Sunday, July 8, 2012

Tip of the Day: The Back Door

Doors. Macy Nicole.

I don't know about you but at our house, friends and family come in through the back door. Strangers, solicitors, and guests come in through the front door.

We treat those that come in through the front door differently from those that come in through the back door.

For example, we qualify the people that come in through the front door. It's much more formal. We ask questions before we let them in. And as a result, very few people that knock on the front door actually make it through the door. Most of them get turned away.

The back door? Nearly 100% of the people that find their way back there get in the house. Why? Because they're supposed to be there. They're usually friends and family so we always open the door and when they're in the house they have free reign to do whatever (for the most part).

And that's generally how I feel about the fashion industry. Soliciting for clients in the traditional "push marketing" sort of way is like knocking on the front door. Hell, sometimes it literally is knocking on the front door. And as a result, cold-calls, emails, flyers, mailing packages, etc. mostly don't work. And when they do work the "hit rate" is extremely poor. Something like 1% or less success rate.

Now don't get me wrong. Passive push marketing is a great way to supplement your other marketing efforts. "Supplement" being the key word. It should never be the bulk of your marketing efforts.

Think about the lat 3 jobs that you got. How many of them were a result of referral and how many were as a result of push marketing. Chances are, your last 3 jobs were a result of some personal recommendation from a client or someone you previously worked with.

And I carry that attitude with me pretty much regarding everything that I do. Trying to push yourself onto prospective clients is a lot of work for not a whole lot of return. I'd much rather go through the back door. I'd rather be solicited by potential clients than to solicit potential clients.

It's how I view tear sheets/publications. Unlike most other photographers I'm not banging on Vogue's door trying to get them to give me a chance to shoot an editorial. Instead I'm circumventing the system. By continuously pushing the envelope, whether it's stills or video, my goal is to force them to acknowledge me. Rather than hoping against hope that someday they answer one of my emails/letters/calls/packages, I am working towards getting through the back door through some unorthodox method.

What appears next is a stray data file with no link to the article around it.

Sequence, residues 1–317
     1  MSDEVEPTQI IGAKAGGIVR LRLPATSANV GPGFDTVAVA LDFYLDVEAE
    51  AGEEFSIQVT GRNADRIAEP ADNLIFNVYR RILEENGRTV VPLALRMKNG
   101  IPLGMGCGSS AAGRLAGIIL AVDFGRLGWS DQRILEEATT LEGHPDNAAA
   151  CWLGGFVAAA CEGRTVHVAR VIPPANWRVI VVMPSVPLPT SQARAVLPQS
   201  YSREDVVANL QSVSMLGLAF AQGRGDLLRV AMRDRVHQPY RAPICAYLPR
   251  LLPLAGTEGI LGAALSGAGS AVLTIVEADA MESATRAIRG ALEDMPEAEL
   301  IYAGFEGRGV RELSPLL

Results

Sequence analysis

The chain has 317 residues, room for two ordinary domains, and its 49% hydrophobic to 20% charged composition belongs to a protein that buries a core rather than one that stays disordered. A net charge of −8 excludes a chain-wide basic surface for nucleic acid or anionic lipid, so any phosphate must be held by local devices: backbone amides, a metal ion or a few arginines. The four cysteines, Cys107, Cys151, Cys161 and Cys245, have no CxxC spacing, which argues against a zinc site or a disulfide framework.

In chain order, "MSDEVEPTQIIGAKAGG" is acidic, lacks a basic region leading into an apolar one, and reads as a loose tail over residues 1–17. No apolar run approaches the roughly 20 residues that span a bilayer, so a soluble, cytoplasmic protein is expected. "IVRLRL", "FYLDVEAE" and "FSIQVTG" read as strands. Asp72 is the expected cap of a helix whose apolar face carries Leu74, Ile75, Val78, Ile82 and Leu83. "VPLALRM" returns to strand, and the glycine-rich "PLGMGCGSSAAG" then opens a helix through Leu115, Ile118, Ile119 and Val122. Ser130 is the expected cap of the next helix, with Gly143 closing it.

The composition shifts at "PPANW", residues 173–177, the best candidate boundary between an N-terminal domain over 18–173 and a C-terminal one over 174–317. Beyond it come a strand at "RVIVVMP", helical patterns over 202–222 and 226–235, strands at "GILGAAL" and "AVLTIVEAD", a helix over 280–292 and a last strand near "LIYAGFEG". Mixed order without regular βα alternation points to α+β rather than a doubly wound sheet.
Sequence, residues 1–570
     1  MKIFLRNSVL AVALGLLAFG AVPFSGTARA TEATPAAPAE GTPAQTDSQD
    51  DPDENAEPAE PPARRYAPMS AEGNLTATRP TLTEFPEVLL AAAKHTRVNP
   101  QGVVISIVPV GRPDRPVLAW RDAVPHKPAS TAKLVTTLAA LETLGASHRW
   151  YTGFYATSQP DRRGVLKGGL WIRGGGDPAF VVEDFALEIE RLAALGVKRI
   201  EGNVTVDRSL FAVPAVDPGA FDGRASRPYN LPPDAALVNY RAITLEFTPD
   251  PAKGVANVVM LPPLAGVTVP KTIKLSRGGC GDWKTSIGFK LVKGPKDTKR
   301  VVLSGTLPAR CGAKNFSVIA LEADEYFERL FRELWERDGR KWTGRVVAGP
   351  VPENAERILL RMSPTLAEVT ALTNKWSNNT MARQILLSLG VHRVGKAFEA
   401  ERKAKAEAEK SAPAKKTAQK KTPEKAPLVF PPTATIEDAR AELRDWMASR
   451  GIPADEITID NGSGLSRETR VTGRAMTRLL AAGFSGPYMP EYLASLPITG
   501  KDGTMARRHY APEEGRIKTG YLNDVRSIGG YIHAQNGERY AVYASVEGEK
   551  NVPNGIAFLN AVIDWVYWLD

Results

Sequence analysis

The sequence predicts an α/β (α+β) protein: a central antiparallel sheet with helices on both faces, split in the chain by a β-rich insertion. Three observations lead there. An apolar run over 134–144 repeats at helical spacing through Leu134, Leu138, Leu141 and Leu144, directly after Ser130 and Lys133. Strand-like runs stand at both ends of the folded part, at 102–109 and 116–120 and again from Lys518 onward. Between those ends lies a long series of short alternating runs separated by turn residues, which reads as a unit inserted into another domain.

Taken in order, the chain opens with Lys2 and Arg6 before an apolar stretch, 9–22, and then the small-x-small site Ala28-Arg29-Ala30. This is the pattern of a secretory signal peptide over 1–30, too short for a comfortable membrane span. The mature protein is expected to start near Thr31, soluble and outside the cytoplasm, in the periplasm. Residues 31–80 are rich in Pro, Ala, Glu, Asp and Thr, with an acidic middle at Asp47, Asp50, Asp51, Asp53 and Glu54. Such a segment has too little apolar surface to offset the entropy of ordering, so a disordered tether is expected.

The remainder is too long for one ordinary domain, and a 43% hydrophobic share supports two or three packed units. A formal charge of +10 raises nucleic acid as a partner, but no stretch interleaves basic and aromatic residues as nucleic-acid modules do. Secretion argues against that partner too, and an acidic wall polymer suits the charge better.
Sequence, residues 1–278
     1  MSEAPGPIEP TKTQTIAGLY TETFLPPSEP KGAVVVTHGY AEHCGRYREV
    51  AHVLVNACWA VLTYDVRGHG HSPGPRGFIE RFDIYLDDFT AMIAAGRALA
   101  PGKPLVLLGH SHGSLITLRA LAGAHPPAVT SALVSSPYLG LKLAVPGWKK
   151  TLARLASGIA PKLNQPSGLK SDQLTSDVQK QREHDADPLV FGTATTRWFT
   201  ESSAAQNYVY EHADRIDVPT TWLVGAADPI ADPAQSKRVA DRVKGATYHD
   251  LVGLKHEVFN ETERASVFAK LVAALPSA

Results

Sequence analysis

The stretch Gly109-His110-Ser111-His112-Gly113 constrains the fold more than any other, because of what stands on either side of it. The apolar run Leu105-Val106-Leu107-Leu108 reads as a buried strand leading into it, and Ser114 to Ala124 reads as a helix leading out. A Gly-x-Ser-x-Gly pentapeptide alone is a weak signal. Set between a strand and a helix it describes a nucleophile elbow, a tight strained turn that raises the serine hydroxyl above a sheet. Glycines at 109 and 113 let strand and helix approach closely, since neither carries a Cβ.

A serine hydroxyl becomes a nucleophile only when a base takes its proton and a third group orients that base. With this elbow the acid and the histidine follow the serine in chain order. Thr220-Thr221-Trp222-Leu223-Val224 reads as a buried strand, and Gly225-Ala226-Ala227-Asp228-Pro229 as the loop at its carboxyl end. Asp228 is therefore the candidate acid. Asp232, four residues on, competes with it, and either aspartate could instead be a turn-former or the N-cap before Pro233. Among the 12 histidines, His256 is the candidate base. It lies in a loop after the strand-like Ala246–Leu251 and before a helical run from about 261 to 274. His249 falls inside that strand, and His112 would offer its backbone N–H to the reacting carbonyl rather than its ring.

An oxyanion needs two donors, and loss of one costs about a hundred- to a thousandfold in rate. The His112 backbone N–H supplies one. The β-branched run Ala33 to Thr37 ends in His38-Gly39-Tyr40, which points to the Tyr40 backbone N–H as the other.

Because for the number of people knocking, the front door just ain't big enough. Everyone and their grandmother is trying to rack up traditional tear sheets. And like a long line at a hot nightclub, you're not getting in unless you're on the list. And even if you're on the guest list, you'll still have to wait until the bouncer gives you the signal.

But if you're VIP, you circumvent the system altogether and you're escorted through the side or back.

This post isn't going to give you step-by-step how-to instructions. It can't. There are too many situational variables that are different for every situation. The point is to reevaluate how you think about "getting your foot in the door". Whether it's an modeling agency, or a magazine, or a client, or photography agency. Trying to go in through the front door means you're competing against everyone else who's knocking and should remain a last resort. Your goal in general should be to obtain an invitation to enter through the back door. Surround the potential client with your work. Stalk the people that know them and try to convince them to put in a good word for you. Put your work where your potential clients are looking. Join the clubs that they're a part of.

Otherwise you'll be knocking for a long time and there's no guarantee anyone will ever answer, much less open that front door.

1 comment:

  1. Interesting angle on things. I recently attended a workshop with Joel Grimes. He of course is not a fashion photographer and is coming from a totally different set of circumstances. He had this to say: "Only 20% of photographers market effectively and on average it takes up to eight separate contacts with a potential client before they are willing to try you out."